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On Monday, a part of the pre-Budget report that normally attracts the interest of only the most dedicated of policy wonks will be subject to more than usual attention: the chancellor’s long-term projections on the sustainability of the public finances.

Gordon Brown has only himself to thank for that. It will be pored over to see if the chancellor has changed his past assumptions – as he seemed to suggest he might in his recent leaked letter to Lord Turner, chairman of the Pensions Commission. Will he now assume, as the letter seemed to imply, that after 2008 the means-tested pension credit will rise only in line with prices, not earnings?

The effect of that would be two-fold. It would make last week’s Pensions Commission proposals look far more expensive than they otherwise do: costing an extra 2 per cent or more of gross domestic product in 2050, rather than the mere 0.5 per cent or so that Lord Turner has otherwise been able to assume.

It would also have the remarkable effect, as early as 2020, of cutting the relative living standard of today’s poorest pensioners by about a quarter. That is a draconian policy that would bring such opprobrium down on the chancellor’s head that we can be pretty sure he will not do it.

Instead, the figures will, almost inevitably, show another upward tick in future forecasts of public expenditure. That will happen because since the last report in 2004, the government actuary has produced yet another upward revision of life expectancy. As a result, the government’s projections for overall spending on pensions, and (whisper it) on those controversial pensions for public sector workers, are likely to have risen.

But the focus in recent weeks on pension spending will also raise broader questions about how credible the overall forecast of public expenditure is for the long term. The answer is, not very. In the last report, it showed spending rising as a share of national income from just under 41 per cent of GDP in 2003-04 to just over 43 per cent by 2050.

The pension numbers projected a mere 10 per cent increase in spending over a period when the number of people past current state pension age will shoot up by 50 per cent: implying a massive cut in taxpayer support for pensioners.

And in the two other areas where public spending is not merely affected by demographics but driven by them – health and social care – the figures are no more credible. They show National Health Service spending rising from 7 per cent of GDP to 9.5 per cent by 2050, when in fact it will have reached close to 9 per cent, on current plans, by 2008.

Spending on the health service will not go on rising at its current record rate after that date and nor should it. But it will go on rising, driven by the twin effects of an ageing population and medical advances.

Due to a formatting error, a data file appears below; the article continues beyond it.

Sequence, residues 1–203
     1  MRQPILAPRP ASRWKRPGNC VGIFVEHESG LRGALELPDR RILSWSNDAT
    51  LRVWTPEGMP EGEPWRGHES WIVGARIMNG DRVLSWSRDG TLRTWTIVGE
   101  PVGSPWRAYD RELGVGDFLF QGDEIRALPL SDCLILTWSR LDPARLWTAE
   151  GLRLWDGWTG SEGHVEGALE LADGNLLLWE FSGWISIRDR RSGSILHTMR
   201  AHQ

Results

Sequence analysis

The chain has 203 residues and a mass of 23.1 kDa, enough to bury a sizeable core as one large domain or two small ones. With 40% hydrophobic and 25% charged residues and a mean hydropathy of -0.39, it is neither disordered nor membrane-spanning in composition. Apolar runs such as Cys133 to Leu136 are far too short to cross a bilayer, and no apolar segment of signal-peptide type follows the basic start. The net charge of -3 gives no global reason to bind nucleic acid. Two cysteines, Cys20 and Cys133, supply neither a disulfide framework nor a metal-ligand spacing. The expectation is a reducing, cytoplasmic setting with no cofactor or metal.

Even if it returns to the long-term trend since 1948 of a 3 per cent real increase per year, that would add about 1.5 to 2 per cent of GDP to health spending by 2050. And while the likely path of social care spending is even harder to project – there is deep uncertainty about the numbers available to care for “free” as family structures change – it too will be upwards.

It should be said, loudly and clearly, that projections out to 2050 are subject to massive uncertainty. Projections of life expectancy are just that – projections. They come with huge variations around the central case. And if having babies suddenly came back into fashion, a small increase in fertility would have quite a large effect on the numbers (although not for 20 years or so as children are a net cost to the taxpayer while in education).

But given the demographics, it is simply not credible that public expenditure will rise only by 3 per cent of GDP over the next 50 years without massive policy change.

More likely is that over the next 25 years or so, there will be huge pressures to spend about another 4 or 5 per cent of GDP on those areas of public spending most affected by the changing age structure of the population: on pensions, health and social care.

That would take public spending up to close to 50 per cent of GDP. That is a figure that some will regard as in some way “unaffordable”. Others will point out that it is a level of spending that Scandinavian countries have lived with (and prospered on) for years.

A debate about which view is right is one we should be having. The ­Treasury’s forecasts of long-term spending, however, do nothing to encourage it.

The writer is FT public policy editor

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